displayed and older trace data beyond the limits that are indicated by the

requestLimit is discarded. The default is false.

pageOutput = Specifies whether trace output is redndered at the end of each page. The

default is false.

requestLimit = Specifies the number of trace requests to store on the server. If the limit

is reached and the mostRecent attribute is false, trace is automatically

disabled. The maximum request limit is 10,000. If a value that is greater

than 10,000 is specified, it is silently rounded down to 10,000 by ASP.NET.

The default is 10.

traceMode = Specifies the order in which to display trace information. The traceMode

attribute an be one of the following possible values:

SortByCategory = Specifies that trace information is displayed in the order that tract

information is processed.

SortByTime = Specifies that trace information is displayed al

writeToDiagnnosticsTrace = Specifies whether ASP.NEt Trace message are forwarded to

the System.Diagnostics tracing infrastrcuture, for any

listeners that are registered to display Trace messages.

EX.

The following default element element is configured in the Machine.config file in the .NET Framework versions 1.0 and 1.1.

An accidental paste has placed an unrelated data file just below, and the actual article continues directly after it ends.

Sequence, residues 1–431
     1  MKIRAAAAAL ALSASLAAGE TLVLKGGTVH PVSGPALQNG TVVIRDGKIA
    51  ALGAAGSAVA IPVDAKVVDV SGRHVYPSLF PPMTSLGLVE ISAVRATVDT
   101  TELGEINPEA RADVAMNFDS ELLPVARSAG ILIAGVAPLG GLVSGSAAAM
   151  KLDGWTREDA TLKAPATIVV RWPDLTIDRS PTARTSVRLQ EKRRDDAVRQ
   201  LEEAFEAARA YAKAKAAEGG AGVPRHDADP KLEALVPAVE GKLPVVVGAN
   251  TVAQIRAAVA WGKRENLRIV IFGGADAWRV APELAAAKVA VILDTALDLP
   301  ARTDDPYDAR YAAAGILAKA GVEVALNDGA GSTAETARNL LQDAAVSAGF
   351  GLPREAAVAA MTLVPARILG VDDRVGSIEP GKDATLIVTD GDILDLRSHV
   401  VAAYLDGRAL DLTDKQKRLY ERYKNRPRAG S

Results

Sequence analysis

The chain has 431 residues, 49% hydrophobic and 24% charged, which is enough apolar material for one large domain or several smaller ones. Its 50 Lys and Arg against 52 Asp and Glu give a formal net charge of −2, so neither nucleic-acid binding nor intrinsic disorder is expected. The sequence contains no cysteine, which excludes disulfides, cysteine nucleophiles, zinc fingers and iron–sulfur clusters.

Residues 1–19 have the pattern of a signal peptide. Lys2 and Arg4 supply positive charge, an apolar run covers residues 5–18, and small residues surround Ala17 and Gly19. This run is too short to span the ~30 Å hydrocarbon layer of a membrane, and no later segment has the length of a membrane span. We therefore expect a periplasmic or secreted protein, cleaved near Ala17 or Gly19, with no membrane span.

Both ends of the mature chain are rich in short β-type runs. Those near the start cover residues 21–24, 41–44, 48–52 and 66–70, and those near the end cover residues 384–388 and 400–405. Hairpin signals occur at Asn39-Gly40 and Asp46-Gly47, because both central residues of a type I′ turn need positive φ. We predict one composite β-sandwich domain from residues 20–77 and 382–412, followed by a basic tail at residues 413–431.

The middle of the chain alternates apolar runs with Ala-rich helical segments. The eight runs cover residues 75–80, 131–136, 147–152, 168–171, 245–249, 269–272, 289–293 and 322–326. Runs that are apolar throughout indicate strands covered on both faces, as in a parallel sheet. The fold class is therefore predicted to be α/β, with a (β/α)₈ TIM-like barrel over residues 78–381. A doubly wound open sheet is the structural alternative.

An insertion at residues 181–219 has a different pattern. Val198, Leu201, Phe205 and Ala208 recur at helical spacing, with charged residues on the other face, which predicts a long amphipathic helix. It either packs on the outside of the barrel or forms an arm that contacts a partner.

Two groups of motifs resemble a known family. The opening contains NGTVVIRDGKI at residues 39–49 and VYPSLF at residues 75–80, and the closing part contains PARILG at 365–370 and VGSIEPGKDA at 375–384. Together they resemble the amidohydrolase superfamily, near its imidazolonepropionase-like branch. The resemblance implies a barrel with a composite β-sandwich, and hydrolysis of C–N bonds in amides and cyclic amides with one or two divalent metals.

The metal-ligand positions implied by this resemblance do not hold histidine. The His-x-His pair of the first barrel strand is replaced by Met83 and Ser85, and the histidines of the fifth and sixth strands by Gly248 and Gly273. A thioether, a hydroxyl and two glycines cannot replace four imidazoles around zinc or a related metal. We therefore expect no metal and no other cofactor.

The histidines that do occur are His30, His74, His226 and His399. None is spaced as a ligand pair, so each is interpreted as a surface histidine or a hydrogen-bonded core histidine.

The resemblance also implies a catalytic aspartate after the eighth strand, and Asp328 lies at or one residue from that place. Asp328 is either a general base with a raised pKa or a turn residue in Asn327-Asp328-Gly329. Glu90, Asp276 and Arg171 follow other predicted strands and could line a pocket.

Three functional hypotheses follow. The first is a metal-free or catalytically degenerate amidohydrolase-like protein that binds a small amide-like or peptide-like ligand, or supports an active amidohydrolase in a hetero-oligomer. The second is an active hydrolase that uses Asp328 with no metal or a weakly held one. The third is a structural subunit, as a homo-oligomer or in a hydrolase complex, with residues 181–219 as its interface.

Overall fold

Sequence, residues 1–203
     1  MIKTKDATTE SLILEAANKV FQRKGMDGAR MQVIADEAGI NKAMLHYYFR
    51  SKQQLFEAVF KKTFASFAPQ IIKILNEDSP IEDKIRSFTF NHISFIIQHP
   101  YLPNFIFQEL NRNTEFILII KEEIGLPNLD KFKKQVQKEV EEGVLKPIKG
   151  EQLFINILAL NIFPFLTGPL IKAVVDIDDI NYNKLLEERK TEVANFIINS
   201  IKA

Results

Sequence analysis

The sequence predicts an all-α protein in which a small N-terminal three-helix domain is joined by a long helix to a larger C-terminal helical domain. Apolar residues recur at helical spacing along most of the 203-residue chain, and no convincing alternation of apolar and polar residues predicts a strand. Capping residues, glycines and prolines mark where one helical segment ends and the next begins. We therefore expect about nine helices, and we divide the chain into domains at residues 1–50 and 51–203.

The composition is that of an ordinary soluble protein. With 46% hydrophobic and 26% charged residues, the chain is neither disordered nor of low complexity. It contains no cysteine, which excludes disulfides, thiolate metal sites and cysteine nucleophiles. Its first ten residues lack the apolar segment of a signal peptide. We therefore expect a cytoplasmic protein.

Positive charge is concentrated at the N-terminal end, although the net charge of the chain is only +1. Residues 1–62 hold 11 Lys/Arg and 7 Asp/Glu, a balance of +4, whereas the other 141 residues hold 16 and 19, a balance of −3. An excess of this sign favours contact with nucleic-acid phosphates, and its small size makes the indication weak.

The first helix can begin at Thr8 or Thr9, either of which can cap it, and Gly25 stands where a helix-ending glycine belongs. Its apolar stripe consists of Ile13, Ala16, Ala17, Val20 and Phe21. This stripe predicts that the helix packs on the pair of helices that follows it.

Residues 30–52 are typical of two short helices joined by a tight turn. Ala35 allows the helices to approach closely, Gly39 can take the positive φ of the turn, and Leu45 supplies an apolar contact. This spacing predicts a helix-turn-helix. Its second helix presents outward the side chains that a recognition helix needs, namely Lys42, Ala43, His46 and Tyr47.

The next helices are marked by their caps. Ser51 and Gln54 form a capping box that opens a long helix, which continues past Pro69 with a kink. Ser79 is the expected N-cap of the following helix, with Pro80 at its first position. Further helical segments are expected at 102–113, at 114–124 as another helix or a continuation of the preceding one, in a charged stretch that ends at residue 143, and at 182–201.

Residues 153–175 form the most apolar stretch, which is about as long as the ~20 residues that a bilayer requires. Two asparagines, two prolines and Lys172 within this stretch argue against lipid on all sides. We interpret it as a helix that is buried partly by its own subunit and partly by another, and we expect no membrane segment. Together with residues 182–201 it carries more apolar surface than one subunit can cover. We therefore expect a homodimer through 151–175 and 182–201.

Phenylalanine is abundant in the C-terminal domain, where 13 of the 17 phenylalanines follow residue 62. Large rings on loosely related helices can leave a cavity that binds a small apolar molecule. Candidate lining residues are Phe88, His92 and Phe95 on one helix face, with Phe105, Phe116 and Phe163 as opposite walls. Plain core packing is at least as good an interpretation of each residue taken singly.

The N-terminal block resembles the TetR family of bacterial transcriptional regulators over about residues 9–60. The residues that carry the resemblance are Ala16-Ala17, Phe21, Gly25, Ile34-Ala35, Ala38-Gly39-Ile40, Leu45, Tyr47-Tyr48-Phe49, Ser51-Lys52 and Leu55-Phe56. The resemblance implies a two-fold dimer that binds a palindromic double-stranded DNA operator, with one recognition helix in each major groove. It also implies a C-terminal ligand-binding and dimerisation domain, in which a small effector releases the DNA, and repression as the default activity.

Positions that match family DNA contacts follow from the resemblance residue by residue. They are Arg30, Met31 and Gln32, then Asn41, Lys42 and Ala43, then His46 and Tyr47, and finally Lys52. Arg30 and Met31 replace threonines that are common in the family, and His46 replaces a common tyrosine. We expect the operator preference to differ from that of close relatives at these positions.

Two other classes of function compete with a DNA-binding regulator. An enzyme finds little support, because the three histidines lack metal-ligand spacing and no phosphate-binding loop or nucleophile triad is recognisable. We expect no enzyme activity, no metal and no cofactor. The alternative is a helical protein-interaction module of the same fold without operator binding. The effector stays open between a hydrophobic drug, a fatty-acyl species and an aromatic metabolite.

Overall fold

<configuration>

<system.web>

<trace

enabled=”false”

localOnly=”true”

pageOutput=”false”

requestLimit=”10″

traceMode=”SortByTime”

/>

<system.web>

</configuration>

EX.

The following code example demonstrates how to specify tracing configuration settings.

<configuration>

<system.web>

<trace enabled=”true”

pageOutput=”true”

requestLimit=”15″

mostRecent=”true” />

<system.web>

</configuration>

Application-Level ASP.Net Tracing

You can configure individual pages to display trace information. Alternatively, you can configure the application’s Web.config file so that all pages display trace information unless the page explicitly disables tracing. Setting application-level tracing is useful because you do not need to make changes to individual pages to enable and disable it.

You enable application-level tracing using the trace element in the Web.config file. When you enable application-level tracing, ASP.NET collects trace information for each request to the application, up to the maximum number of requests you specify.

The default number of requests is 10. By default, when the trace viewer reaches its request limit, the application stops storing trace requests. You can configure tracing to store either oldest tracing data (discarding newer items) or the most recent trace information (discarding older items).